Brand names: Viloxazine, Emovit, Viloxazina, Viloxazinum, Vivarint, Vicilan, Vivalan, Catatrol
1. Mechanisms of action of viloxazine
Viloxazine acts as a
- selective serotonin 5-HT2B receptor antagonist
- Serotonin 5-HT2C receptor agonist
- selective norepinephrine reuptake inhibitor (Ki: 0.63 μM)
- thereby increasing dopamine and norepinephrine in the PFC
- no additional release of norepinephrine
- Serotonin 5-HT7 receptor antagonist
- α1B-adrenoceptor antagonist
- β2-adrenoceptor antagonist
Viloxazine has been shown to increase serotonin levels in the PFC. However, it does not appear to act as a serotonin reuptake inhibitor.
It does not increase the release of norepinephrine.
Viloxazine increases dopamine levels in the nucleus accumbens significantly less than stimulants. We consider the authors’ claim that non-stimulants would show lower side effects to be erroneous.
Other in vitro studies found no dopamine release in the striatum and little effect on dopamine receptors or DAT. In rodents, viloxazine significantly increased dopamine in vivo in the PFC, moderately in the amygdala, and minimally in the nucleus accumbens. The dopamine increase in the PFC is likely a consequence of NET reuptake inhibition. The minimal effect of viloxazine on dopamine in the nucleus accumbens may indicate a low susceptibility to abuse. We therefore hypothesize a lower drive enhancement than stimulants.
Viloxazine markedly increases plasma levels of the adenosine A1 and A2 antagonist theophylline.
It is conceivable that part of the effect of viloxazine in ADHD may be due to the dopamine-enhancing effect of the adenosine antagonist theophylline.
Viloxazine is a very weak, competitive, and reversible inhibitor of monoamine oxidase A and B.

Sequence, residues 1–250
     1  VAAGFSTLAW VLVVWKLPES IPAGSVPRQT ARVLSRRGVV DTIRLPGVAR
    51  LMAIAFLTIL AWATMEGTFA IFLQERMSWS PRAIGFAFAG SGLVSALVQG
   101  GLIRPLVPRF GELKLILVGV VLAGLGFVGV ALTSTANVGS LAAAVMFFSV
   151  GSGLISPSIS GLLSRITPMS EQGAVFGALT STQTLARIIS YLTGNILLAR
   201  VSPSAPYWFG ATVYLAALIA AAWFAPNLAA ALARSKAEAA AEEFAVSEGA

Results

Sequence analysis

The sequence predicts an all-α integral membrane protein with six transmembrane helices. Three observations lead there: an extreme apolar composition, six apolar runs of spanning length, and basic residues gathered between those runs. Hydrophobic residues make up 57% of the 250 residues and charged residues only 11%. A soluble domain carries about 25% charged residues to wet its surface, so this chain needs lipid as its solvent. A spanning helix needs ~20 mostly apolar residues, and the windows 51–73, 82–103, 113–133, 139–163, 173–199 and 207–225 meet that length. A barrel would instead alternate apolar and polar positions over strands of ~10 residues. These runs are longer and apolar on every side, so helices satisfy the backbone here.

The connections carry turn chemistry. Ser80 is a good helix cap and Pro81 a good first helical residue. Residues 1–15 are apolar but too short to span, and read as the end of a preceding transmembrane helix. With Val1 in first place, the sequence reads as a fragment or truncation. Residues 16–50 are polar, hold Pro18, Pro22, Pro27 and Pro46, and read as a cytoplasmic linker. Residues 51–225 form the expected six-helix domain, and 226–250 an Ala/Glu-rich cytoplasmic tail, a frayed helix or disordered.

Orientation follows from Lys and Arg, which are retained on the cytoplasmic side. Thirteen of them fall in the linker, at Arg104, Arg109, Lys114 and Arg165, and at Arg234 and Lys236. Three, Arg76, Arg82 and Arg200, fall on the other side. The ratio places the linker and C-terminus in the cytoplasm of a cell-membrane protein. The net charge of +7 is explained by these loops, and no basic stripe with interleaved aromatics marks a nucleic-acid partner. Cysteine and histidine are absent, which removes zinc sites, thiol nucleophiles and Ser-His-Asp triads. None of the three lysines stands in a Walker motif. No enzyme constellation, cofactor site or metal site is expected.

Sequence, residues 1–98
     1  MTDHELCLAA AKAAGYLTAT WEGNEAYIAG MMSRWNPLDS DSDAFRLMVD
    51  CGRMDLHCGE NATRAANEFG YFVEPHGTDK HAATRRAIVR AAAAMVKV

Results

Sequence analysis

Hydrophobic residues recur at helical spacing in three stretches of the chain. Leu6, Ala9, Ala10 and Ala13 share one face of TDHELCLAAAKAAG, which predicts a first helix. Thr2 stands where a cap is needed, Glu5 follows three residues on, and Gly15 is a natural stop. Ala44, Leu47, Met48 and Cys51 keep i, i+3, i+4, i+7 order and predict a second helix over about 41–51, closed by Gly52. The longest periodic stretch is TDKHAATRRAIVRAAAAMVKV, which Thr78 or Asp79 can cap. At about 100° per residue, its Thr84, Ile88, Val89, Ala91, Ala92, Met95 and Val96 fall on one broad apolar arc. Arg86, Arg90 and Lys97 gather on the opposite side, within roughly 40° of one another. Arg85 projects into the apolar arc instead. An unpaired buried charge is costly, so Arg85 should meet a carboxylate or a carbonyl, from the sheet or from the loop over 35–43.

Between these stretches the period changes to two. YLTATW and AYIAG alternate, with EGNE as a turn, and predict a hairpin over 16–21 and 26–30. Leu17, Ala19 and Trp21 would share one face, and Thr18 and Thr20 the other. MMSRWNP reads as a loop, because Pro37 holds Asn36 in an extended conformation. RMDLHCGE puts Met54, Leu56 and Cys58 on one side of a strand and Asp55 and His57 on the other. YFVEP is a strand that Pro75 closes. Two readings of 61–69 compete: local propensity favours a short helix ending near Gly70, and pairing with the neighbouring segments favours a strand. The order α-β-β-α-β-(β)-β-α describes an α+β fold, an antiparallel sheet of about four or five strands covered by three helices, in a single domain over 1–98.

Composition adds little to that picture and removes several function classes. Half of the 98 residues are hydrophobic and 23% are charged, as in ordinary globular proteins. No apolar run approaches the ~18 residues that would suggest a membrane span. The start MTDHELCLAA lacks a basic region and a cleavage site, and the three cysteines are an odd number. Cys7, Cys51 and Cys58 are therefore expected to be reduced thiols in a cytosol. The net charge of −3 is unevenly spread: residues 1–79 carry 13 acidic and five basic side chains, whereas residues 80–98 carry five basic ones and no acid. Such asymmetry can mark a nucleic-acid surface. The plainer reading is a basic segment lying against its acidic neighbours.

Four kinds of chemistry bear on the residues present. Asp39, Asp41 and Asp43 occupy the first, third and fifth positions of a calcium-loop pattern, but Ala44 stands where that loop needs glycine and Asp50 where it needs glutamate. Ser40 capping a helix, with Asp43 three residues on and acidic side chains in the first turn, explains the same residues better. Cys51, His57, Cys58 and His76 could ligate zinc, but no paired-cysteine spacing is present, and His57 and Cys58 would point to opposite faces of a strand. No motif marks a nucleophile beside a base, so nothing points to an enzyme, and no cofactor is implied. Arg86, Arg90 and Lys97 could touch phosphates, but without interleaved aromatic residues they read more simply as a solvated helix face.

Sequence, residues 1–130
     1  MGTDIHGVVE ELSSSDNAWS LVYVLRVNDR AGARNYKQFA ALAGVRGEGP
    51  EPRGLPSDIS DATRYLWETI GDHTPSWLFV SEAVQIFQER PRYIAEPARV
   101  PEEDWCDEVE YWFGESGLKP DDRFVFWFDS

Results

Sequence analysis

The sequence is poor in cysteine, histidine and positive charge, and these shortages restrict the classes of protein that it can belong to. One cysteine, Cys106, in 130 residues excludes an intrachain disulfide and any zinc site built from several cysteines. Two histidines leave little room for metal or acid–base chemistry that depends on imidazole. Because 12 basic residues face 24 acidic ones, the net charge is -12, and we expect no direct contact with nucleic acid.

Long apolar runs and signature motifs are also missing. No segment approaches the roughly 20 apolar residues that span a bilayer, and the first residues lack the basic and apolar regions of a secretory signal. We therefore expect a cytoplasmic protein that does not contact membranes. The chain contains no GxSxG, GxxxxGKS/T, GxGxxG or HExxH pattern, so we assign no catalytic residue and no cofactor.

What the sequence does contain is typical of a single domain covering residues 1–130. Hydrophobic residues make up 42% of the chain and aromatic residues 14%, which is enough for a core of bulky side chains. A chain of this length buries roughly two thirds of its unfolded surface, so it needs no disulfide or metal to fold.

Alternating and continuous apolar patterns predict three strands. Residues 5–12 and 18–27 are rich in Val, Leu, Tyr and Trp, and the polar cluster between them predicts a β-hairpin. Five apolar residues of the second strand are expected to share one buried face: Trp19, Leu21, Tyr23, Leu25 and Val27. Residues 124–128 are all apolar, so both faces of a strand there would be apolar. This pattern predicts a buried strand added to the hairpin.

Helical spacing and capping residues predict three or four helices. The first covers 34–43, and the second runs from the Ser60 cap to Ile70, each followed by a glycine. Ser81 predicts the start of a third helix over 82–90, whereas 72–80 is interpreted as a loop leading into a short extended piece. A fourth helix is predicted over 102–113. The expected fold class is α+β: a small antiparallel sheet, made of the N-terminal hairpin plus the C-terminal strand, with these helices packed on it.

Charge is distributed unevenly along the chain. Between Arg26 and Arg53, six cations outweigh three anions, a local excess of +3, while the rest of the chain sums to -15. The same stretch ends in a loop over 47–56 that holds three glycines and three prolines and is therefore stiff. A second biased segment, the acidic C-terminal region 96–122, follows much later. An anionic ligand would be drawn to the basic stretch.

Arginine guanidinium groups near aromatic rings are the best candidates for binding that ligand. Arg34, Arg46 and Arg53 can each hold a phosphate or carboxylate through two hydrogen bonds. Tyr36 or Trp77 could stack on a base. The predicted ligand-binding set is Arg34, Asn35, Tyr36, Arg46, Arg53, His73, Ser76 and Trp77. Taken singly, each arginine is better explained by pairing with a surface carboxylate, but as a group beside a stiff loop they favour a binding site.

Contrary to almost all previously heavily used ADHD medications, viloxazine does not alter histamine levels. Viloxazine appears to exert weak competitive inhibition at histamine receptors H1 and H2 (< 25%).
- Bioavailability approx. 88
- Tmax (time to maximum plasma concentration): about 5 hours at 200 mg
- Active substance is strongly protein-bound (76-82 %)
- Mean half-life of viloxazine ER is 7 hours (2.25 to 11.75 hours).
2. Viloxazine for ADHD
Extended-release viloxazine (viloxazine ER; SPN-812) was shown to be an effective and well-tolerated alternative for some children with ADHD in multiple Phase 2 and Phase 3 studies at 200 to 400 mg/day. The mechanism of action of viloxazine is unique in that it modulates the activity of both serotonin and norepinephrine.
The effect size of viloxazine was found to range from 0.46 to 0.63 in different studies.
Several phase II and phase III studies found good effect of volixazine in ADHD at 200 to 400 g/day , 400 or 600 mg/day and at 100 and 200 mg/day.
The different publications on phase III are from an identical group of authors.
Symptom reduction at 2 weeks predicts treatment success at 6 weeks quite well.
- Age from 6 to 11 years
- recommended starting dose 100 mg orally once daily
- Up-dosing in increments of 100 mg weekly
- maximum recommended dose 400 mg once daily
- Age from 12 to 17
- recommended starting dose 200 mg orally once daily for the first week
- Up-dose to the maximum daily dose of 400 mg.
In adults with ADHD, one study found symptom reduction of greater than 50% from baseline AISRS in 40.2% of subjects.
Combination with methylphenidate is possible.
3. Side effects and contraindications
3.1. Viloxazine side effects
- reduced appetite
- Upper abdominal pain
3.2. Contraindications for viloxazine
Viloxazine should not be taken in case of
- Epilepsy predisposition
- severe liver failure
- during or if pregnancy is intended. Viloxazine may cause harm to the fetus.
- before the expiry of fourteen days after the last intake of a monoamine oxidase inhibitor (MAOI).
Increased suicidal tendencies were reported in a small proportion of child subjects.
4. Viloxazine degradation
Viloxazine is metabolized by CYP2D6, UGT1A9, and UGT2B15, and possibly by CYP1A2
Viloxazine is a potent CYP1A2 inhibitor.
Dose reduction may be required with concomitant use of drugs metabolized by CYP1A2.